Syllabus for CSCE 471/871 (Spring 2011)

Up-to-date information is at



Stephen Scott
268 Avery
sscott AT cse
Office Hours:
1:30–2:30 Mon,
2:30–3:30 Tue,
or by appointment

PREREQUISITES: CSCE 310 (Data Structures & Algorithms), STAT 380/880 (Prob. and Stats.) or equivalent

TIME: 12:30–1:20pm Monday, Wednesday, Friday

CLASSROOM: Avery 110

TEXTBOOK (Required):
Biological Sequence Analysis: Probabilistic Models of Proteins and Nucleic Acids, by Richard Durbin, Sean Eddy, Anders Krogh, and Graeme Mitchison. Cambridge University Press, 1998. ISBN 0-521-62971-3.


In this course you will learn several fundamentals and current trends in bioinformatics. As such, this course will not show you how to use existing computational biology tools, though you may learn some of that on your own as a side effect. Instead, you will acquire a deep understanding of how they work, to the point where you can adapt existing tools to new problems and create new tools.

The biological problems we will study include sequence alignments, protein family modeling, and phylogeny. The approach we will focus on is hidden Markov models, though time permitting we will also discuss dynamic programming as well as other machine learning modeling techniques.



There will be 2–4 homework assignments, each due by 11:59 p.m. on its due date. (cse's system clock, which timestamps your submissions, is the official clock for this course. Do not assume that just because the handin program allows you to submit that the deadline has not passed; you are responsible for ensuring that your files are submitted and timestamped before the deadline.) Late homework submissions will be penalized exponentially: if your submission is m minutes late, your final score will be multiplied by 2m/60. Thus you will lose 16% of your points if you submit 15 minutes late, 29.3% of your points if you submit 30 minutes late, 50% if you submit 60 minutes late, etc. (amount of lateness is measured by the time stamp given by cse's web-based handin). Thus unless you are making very significant improvements to your submission, it is better to submit a partially completed homework assignment than a late one. If you have a valid excuse for a late submission (e.g. illness), contact the instructor as soon as possible.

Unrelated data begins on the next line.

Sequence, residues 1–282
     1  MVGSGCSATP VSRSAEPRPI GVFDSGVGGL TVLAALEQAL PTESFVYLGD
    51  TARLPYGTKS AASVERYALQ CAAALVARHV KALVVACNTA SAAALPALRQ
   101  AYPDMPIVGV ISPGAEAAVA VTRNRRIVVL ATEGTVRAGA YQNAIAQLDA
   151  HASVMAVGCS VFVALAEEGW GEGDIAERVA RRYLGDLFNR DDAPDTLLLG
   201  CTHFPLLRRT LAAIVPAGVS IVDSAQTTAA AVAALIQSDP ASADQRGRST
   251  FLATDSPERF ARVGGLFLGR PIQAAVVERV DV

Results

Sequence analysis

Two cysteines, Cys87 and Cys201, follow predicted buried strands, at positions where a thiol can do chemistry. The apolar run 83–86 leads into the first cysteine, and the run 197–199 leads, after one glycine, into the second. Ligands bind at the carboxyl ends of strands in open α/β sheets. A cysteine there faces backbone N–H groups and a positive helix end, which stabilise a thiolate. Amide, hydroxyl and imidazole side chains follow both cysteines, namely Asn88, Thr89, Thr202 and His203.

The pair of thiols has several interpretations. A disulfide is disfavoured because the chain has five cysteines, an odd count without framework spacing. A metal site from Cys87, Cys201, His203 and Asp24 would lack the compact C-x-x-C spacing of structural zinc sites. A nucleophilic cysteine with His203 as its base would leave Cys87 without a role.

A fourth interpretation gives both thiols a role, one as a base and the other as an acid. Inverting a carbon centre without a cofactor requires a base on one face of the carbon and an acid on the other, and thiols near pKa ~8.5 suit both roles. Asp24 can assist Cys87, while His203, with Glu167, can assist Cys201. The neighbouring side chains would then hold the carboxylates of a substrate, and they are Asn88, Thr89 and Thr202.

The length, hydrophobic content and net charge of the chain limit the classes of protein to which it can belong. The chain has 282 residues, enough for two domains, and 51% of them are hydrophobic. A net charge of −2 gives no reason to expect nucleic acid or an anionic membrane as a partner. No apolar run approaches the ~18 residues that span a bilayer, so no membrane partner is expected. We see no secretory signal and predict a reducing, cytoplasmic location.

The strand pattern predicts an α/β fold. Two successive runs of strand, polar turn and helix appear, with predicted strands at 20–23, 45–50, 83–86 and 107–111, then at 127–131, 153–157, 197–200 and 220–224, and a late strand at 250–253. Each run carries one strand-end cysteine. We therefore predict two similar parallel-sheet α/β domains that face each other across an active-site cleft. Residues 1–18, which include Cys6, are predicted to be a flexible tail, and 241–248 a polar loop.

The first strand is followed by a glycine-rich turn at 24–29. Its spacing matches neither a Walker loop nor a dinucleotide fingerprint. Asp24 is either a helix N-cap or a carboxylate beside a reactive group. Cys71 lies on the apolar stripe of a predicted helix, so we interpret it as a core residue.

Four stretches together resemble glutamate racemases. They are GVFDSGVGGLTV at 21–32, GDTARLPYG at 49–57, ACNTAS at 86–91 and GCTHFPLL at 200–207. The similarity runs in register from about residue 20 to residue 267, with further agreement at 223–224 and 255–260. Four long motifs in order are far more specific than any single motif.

You may consult each other for assistance on the homework, but you must write up your results in your own words and indicate whom you consulted. You must use some document processing package (e.g. LaTeX) to write your homework submissions, and you must submit your reports electronically in pdf format (see "Help on Creating pdf Files" and "Help with LaTeX, etc."). You must also write as clearly and concisely as possible. Presentation of your results is as important as the results themselves, and will be heavily weighted in grading. If I cannot understand what you wrote due to poor writing, etc., then I cannot award full credit, even if your answers are correct. Thus I recommend that you ask someone to proofread your write-ups before you submit them, to check for clarity, typographical errors, etc. If English is not your native language, then I strongly recommend this!

Finally, ensure that all your files (e.g. program code, homework write-ups) are reasonably well-protected. You will be held responsible if someone copies your files and submits them as homework solutions.


There will be no exams in this course.